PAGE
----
In the documentation for xargs there is mention of a "replstr" that the -I flag takes. I started reading about it when I found this command to run fswatch:

fswatch -0 -e ".*" -i ".rb" . | xargs -0 -n 1 -I {} ruby {}

and started reading the manpage for xargs

-I replstr
        Execute utility for each input line, replacing one or more occurrences of replstr in up to replacements (or 5 if no -R flag is
        specified) arguments to utility with the entire line of input.  The resulting arguments, after replacement is done, will not be
        allowed to grow beyond 255 bytes; this is implemented by concatenating as much of the argument containing replstr as possible, to
        the constructed arguments to utility, up to 255 bytes.  The 255 byte limit does not apply to arguments to utility which do not
        contain replstr, and furthermore, no replacement will be done on utility itself.  Implies -x. 

Thinking about the term "replstr" is seems like it probably means something like "read evaluate print loop string", is this what it's short for? I started playing around with it to try to get an idea for what {} is doing but I'm not sure I really get it yet:

➜  scripts git:(master) ✗  {0..3}
zsh: command not found: 0..3
➜  scripts git:(master) ✗ echo {0..3}
0 1 2 3
➜  scripts git:(master) ✗ echo {a..3}
a ` _ ^ ] \ [ Z Y X W V U T S R Q P O N M L K J I H G F E D C B A @ ? > = < ; : 9 8 7 6 5 4 3
➜  scripts git:(master) ✗ echo {a..d}
a b c d
➜  scripts git:(master) ✗ echo cats and dogs | xargs
cats and dogs
➜  scripts git:(master) ✗ echo cats and dogs | xargs {}
xargs: {}: No such file or directory
➜  scripts git:(master) ✗ echo cats and dogs | xargs {} echo {}
xargs: {}: No such file or directory
➜  scripts git:(master) ✗ echo cats and dogs | xargs -I {}

➜  scripts git:(master) ✗ echo cats and dogs | xargs -I {} echo {}
cats and dogs

For example echo {a..3} really doesn't make sense to me. It definitely seems like it's doing something to the effect of "substitute this list of strings here" but I'm not sure if that's the right way to look at it. Also I'm not sure if {} is a specfic type of replstr and if there's more or if a replstr is just anything in between a pair of curly braces. Would love some guidance on replstr's and how to approach them.

  • 1
    "replstring" == "replace string", e.g., the placeholder that xargs will replace when generating command lines.
    – larsks
    Oct 23, 2016 at 1:41

3 Answers 3


replstr means "replacement string" or "replace string".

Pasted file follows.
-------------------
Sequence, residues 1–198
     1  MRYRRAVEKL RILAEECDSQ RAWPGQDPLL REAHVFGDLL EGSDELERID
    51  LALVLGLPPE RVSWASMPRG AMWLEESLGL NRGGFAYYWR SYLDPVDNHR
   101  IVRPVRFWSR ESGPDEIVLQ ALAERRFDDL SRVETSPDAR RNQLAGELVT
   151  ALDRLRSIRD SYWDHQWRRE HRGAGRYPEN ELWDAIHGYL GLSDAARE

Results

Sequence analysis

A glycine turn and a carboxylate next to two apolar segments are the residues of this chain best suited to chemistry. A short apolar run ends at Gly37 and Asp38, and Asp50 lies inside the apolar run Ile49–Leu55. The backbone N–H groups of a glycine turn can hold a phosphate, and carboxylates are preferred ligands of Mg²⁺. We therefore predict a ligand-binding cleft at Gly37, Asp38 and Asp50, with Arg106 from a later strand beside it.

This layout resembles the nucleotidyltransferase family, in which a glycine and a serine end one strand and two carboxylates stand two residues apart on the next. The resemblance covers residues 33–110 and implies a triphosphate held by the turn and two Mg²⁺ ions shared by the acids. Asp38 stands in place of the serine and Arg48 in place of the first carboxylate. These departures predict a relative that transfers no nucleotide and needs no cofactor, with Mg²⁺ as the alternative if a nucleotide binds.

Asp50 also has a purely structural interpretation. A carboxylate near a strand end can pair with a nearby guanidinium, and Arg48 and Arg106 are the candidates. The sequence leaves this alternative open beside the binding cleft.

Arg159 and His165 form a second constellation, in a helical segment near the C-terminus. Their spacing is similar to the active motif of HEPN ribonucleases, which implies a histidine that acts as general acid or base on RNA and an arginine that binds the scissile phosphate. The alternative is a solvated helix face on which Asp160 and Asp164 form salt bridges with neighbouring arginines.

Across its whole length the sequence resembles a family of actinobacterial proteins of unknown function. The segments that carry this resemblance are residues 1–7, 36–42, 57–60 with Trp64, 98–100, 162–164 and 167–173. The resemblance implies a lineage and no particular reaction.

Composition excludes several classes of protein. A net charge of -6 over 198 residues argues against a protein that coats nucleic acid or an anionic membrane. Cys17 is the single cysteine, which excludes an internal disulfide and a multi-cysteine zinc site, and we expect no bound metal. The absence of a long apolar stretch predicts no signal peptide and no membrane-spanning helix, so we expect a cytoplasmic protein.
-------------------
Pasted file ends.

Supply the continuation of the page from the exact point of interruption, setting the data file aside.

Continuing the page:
The original replstr is {}. It was first introduced with the find command exec clause where it replaced by each filename found, e.g.

find /tmp -name "foo*" -exec echo file {} found \;

will display, assuming two files match the pattern:

file foo1 found
file foo2 found 

The xargs command allows to do the same with arguments built from strings passed to its standard input, and also allows to specify something different than {} as replacement string.

Note that the default replstr is just {} with nothing inside the curly brackets, the latter being used for different purposes, e.g. ranges as you already noticed or parameter expansion.


The -I argument works like this: -I whatever means that occurrences literally of whatever are replaced by the command argument. Demo:

$ echo "a
c" | xargs -I f echo hey f hey f
hey a hey a
hey b hey b
hey c hey c

See? xargs took each of the lines a, b, and c, and substituted them in place of f in echo hey f hey f.

There is no {} involved.

The -I option is POSIX. GNU xargs documents a deprecated -i option which, if invoked as -iwhatever behaves like -I whatever. If invoked as just -i it behaves like -I {}. In this case, occurrences of {} are replaced. {} is clearly inspired by a feature of find: its -exec predicate.

The {a..b} and foo{a,b,c}bar Bash syntax processed by its "brace expansion". {} has no special meaning and is passed to a command as-is. (If it weren't, it would break standard-conforming, commonly occurring find invocations.)


The {...} is the shell's brace expansion, which supports lists like {a,b,c} (expands to a, b and c), and sequences of numbers like {0..13} (expands to the numbers 0, 1... 12, 13) or characters {a..d} (a,b,c,d). (Brace expansion has nothing to do with the {} placeholder used by xargs).

The somewhat odd sequence that {a..3} expands to is explained by the ASCII character table. As a isn't a number, both are taken as characters, and the expansion is all the characters between a and 3 by the character codes' numerical value. As it happens, a comes after 3, so the sequence does downwards through the uppercase letters and the numbers 9 to 3.

As seen, mixing letters and numbers in a range like that isn't very useful, but {a..z} or {A..Z} might be, as well as the similar [a-z] and [A-Z] in regexes and shell globs. (That is, if you can ignore the rest of the letters.)

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